Above, an article on the phenomenon in Manchester, UK.  Other Paper Girl cities include Albany, New York City, Brasov Romania, Bucharest, Cape Town, Charlotte NC, Kelowna Canada, North Hampton Massachusetts, San Franciso California, São Paulo Brazil and Portland Oregon among other spots on the planet.

Papergirl Berlin explains the concept in this Video"The basic idea with the project is to bring art to the public in a different way from normal; to surprise people and bring them into contact with art in their everyday life.

"The initial impulse for this project came with the tightening of a law, in 2005, equating sticking up posters in public places with graffiti-spraying. But the idea of distributing art by bike came more from the search for new ways to bring art straight to society, and have more fun doing so, than out of fear of possible punishment. Papergirl is, in short: participatory, analogue, non-commercial and impulsive."

Thursday, November 25, 2010


THE HISTORY OF FLUXUS, 2010. Collage on paper. From the series, Where Does It Itch? Each 30 x 20.5 cm. 125 €, includes shipping.

See more artworks for sale.


Friday, November 19, 2010

Cool Hunting Video: Kim Rugg

Kim Rugg from Cool Hunting on Vimeo.


From Cool Hunting: "Some people like taking their time," says artist Kim Rugg, whose artistic achievements are measured in millimeters, used X-ACTO blades and picas. We spent the afternoon with Rugg in her London home and studio talking about her work re-imagining newspapers, comics, stamps and cereal boxes using their existing form while rearranging their content. Kim finds inspiration from the mundane and common objects around us. Her wicked knife skills and tenacious attention to detail have created a body of work that is as impressive as it is curious."

Prints & Posters & Prints & Posters

Check out the Posters And Print Blog, a daily offering of new print and poster releases.  This image: Shepard Fairey's Roy Lichtenstein-inspired Pop piece on power, "OBEY POWER."  The print is about the empowerment of street art, the enduring power of Pop and of course, appropriation.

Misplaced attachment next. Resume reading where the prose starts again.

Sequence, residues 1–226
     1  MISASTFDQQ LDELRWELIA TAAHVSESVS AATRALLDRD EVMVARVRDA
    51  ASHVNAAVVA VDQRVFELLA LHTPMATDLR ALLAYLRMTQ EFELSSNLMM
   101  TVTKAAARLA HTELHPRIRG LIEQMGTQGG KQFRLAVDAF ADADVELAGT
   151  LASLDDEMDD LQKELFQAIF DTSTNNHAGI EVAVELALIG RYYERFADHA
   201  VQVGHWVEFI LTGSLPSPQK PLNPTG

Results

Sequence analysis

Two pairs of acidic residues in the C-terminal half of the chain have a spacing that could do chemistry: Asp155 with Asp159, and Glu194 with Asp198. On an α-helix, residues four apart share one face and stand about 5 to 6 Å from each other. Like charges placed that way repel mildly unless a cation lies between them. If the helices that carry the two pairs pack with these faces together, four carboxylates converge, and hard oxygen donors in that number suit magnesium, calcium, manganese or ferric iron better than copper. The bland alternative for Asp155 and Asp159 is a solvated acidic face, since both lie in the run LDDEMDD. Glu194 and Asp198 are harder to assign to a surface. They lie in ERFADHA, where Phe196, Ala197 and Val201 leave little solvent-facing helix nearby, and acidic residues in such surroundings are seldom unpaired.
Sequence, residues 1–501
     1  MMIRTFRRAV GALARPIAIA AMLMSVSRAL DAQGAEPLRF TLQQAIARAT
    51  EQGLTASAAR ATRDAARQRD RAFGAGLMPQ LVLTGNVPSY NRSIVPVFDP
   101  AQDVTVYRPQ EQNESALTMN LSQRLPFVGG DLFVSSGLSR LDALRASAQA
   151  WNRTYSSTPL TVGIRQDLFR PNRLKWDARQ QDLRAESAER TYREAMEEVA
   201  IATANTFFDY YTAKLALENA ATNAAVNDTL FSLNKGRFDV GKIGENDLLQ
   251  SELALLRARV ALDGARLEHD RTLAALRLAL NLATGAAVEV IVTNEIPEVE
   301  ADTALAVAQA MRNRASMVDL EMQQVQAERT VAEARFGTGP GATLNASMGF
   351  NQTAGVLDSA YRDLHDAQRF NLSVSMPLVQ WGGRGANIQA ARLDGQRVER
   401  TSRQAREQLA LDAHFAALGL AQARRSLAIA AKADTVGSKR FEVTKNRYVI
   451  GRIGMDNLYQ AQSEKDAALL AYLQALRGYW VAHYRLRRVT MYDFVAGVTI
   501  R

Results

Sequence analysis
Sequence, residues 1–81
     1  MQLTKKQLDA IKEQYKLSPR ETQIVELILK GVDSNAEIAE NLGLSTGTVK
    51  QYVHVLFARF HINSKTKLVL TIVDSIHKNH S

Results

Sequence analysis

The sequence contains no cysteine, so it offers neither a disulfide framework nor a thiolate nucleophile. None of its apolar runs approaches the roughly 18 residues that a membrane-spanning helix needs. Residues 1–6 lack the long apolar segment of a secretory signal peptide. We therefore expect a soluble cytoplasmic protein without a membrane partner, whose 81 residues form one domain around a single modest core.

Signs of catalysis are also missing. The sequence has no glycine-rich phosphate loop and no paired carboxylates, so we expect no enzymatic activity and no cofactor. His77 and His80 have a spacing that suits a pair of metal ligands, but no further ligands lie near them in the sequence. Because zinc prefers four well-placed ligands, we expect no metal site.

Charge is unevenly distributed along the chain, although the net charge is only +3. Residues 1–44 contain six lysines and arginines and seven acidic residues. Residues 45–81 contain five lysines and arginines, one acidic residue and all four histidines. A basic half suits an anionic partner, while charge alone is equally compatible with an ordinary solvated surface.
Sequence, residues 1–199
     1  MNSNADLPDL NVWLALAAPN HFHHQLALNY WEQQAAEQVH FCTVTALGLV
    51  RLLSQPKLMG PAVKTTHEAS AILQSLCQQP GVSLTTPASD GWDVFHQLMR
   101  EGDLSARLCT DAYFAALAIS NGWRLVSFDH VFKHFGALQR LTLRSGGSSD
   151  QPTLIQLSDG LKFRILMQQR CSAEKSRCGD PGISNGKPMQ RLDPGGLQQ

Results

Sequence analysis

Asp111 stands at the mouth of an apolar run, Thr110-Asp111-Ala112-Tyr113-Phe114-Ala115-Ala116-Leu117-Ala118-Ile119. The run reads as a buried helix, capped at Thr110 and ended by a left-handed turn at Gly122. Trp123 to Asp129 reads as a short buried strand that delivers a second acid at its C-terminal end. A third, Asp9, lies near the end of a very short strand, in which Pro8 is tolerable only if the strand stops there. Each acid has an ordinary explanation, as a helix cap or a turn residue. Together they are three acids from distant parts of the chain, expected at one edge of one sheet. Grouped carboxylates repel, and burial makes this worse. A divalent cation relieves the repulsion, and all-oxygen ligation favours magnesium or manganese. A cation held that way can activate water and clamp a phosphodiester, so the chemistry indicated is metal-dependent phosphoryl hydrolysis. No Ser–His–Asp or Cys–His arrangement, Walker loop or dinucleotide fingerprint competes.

The Posters & Prints Blog covers it all, though.  Tons of Hello Kitty interpretations, great theater and film posters, and some curiously wonderful pieces culled from the net, like, Saelee Oh's Infinite Path, a laser cut piece that is truly astonishing.

These very nice people also recently posted about my ANGLAIS print offered by Keep Calm Gallery.

Tuesday, November 16, 2010

Subway Windows: Keith Haring

World's most celebrated vandal at work, Keith Haring, circa: 1978, NYC Subway, New York.

Thursday, November 11, 2010

Sarah de Teliga At Home: Crushed Cans, Painted Chops & Vibrating Landscapes


Painting has never been the simple application of color on surface in order to reproduce reality – objective or not. Any successful painter has rendered reality in a way that endures beyond its own time. And in that process lies the poetic struggle of vision and the talent to pull it off, the result of which is a signature, the hard fought engraved reason for living an aesthetic life in a world overrun with quite a few ugly things.

"Landscape is a vehicle to coax us into a transcendental state," de Sarah de Teliga tells me, implying that a transcendental state is a goal, and a temporary one at that.

The expatriate Australian living in Paris expresses that goal that in pretty much every stroke of paint on her varied surfaces. As she prepares for an exhibition at Damien Minton Gallery in Sydney, finishing up some 20 small landscapes on board, 25 paintings on found crushed cans, and six small "pill" pieces on scraps of metal, I had the opportunity to meet with her and talk about what painting is, can be and the effort to get beyond reality to arrive at a nearer truth – in paint.